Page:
Paul Podolsky and The Paradox of Financial Fiction
My conversation with Paul Podolsky author of Master, Minion and the Things I Didn’t Learn in School Substack.
January 21, 2023
Watching Game Tapes of History’s Best Entrepreneurs with David Senra of Founders Podcast
This conversation was originally published at Compound.
January 03, 2023
Josh Wolfe, Lux Capital: Macro, Mentors, Motivation
You can find a full transcript of this conversation at Compound.
December 22, 2022
World Building with the Most Interesting People with Patrick O'Shaughnessy
You can find a full transcript of this conversation Compound (part I, part II).
December 18, 2022
Great Investors Build Networks and Never Stop Learning with Alix Pasquet III
Alix Pasquet III is the Managing Partner and portfolio manager at Prime Macaya Capital. Disclaimer: The information contained in this summary has been prepared solely for informational purposes and is not an offer to sell or purchase or a solicitation of an offer to sell or purchase any interests or shares in any of the funds managed by Prime Macaya Capital Management LP. Any such offer will be made only pursuant to an offering memorandum and the documents relating thereto describing such securities (the “Offering Documents”) and to which prospective investors are referred. This summary is subject to and qualified in its entirety by reference to the Offering Documents. An investment in those funds carries certain risks, including the risk of loss of principal. While all the information prepared in this presentation is believed to be accurate, Prime Macaya Capital Management LP makes no express warranty as to the completeness or accuracy nor can it accept responsibility for errors, appearing in the presentation. Other events which were not taken into account may occur and may significantly affect the returns or performance of the fund. Any projections, outlooks or assumptions should not be construed to be indicative of the actual events which will occur. This summary is provided to you on a confidential basis and is intended solely for the use of the person to whom it is provided. It may not be modified, reproduced or redistributed in whole or in part without the prior written consent of Prime Macaya Capital Management LP.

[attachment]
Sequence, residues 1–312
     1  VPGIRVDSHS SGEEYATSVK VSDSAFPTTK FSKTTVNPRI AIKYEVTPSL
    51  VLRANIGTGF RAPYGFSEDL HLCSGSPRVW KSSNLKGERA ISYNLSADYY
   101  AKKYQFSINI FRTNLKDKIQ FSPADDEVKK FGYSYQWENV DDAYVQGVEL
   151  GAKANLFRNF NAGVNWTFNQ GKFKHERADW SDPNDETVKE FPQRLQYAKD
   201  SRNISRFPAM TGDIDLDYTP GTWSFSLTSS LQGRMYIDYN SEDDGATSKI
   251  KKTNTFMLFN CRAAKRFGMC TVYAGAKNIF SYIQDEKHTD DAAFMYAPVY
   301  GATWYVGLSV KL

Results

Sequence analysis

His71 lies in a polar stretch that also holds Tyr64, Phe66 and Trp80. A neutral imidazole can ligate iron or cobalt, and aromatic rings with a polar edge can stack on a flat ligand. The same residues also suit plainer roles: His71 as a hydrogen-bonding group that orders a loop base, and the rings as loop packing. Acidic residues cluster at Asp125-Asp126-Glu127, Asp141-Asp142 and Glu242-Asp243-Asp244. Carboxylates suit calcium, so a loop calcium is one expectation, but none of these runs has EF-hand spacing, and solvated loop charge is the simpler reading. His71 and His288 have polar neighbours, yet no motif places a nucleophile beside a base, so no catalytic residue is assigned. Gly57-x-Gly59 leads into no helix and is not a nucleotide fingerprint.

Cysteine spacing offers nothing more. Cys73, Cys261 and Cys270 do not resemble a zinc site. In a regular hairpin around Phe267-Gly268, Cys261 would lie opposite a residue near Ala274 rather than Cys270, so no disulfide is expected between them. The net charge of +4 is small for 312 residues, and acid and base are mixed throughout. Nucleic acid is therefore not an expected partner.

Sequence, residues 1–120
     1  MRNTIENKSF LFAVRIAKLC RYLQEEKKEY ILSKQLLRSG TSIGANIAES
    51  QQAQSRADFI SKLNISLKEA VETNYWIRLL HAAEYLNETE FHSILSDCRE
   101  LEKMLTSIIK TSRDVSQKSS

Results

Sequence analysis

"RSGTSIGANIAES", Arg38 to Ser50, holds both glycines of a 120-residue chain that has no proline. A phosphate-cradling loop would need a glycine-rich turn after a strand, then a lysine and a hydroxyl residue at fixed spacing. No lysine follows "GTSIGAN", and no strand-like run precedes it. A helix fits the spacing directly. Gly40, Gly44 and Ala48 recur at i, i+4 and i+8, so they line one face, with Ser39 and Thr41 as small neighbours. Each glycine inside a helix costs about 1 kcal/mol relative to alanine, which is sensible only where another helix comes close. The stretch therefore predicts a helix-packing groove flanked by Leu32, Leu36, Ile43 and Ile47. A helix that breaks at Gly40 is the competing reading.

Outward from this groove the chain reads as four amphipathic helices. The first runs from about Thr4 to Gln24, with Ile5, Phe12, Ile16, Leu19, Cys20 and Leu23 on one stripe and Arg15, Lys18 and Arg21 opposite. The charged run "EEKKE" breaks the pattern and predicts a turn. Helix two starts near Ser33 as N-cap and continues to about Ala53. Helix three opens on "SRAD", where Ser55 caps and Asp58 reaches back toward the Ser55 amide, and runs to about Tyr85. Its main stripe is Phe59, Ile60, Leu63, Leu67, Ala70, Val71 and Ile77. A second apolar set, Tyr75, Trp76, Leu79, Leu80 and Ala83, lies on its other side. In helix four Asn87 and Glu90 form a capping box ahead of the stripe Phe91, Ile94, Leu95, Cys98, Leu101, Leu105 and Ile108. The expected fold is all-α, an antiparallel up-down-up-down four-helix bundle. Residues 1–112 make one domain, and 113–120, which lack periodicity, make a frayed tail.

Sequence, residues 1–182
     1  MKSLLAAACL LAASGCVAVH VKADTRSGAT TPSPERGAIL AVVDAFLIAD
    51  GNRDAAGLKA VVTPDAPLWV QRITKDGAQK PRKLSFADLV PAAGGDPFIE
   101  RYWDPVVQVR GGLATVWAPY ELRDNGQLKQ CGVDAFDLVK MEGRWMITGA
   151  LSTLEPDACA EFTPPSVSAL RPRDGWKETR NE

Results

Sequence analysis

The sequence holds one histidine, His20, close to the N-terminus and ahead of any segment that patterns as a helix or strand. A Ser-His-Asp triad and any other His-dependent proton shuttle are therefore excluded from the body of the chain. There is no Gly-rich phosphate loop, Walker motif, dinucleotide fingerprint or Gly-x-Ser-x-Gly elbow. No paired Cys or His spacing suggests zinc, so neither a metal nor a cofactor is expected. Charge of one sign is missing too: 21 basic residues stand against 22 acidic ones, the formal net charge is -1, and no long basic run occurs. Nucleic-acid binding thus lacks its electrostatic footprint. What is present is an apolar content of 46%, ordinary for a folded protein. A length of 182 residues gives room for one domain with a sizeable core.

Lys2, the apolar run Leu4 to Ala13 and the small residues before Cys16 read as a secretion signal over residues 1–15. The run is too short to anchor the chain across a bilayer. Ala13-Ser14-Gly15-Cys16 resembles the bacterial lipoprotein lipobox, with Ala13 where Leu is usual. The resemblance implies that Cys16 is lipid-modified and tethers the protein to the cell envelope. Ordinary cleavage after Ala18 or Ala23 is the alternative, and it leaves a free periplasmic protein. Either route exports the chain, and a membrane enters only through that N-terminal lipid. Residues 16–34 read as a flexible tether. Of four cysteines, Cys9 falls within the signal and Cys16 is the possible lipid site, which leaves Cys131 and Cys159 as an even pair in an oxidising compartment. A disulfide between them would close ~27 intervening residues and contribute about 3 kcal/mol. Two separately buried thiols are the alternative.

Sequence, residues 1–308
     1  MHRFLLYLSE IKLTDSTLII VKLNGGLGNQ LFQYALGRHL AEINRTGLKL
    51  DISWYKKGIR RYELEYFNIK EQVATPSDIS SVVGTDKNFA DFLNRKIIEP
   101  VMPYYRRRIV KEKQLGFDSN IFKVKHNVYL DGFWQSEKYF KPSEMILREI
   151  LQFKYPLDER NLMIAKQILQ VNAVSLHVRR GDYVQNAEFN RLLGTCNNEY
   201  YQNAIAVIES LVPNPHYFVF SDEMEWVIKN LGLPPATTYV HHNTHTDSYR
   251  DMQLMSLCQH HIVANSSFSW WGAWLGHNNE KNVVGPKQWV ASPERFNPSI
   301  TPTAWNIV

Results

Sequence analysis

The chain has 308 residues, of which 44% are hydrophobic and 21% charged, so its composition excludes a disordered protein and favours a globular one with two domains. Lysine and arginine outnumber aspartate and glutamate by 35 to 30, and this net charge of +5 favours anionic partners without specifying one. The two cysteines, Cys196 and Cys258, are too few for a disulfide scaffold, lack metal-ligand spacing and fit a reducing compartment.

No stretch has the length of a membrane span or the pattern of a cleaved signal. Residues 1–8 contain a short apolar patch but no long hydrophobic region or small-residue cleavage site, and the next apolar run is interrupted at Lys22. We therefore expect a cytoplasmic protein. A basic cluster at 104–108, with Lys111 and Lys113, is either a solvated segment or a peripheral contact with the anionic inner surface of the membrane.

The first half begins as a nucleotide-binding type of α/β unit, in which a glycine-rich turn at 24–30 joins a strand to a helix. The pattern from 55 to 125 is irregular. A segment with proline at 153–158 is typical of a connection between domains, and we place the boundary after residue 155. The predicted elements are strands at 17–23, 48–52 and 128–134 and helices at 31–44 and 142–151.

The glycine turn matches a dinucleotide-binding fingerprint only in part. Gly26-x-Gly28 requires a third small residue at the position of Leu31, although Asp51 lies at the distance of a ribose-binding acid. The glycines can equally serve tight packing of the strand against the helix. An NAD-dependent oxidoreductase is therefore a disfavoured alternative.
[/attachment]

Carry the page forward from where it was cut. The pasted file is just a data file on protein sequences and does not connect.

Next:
December 07, 2022
Adam Mead, Author of The Complete Financial History Berkshire Hathaway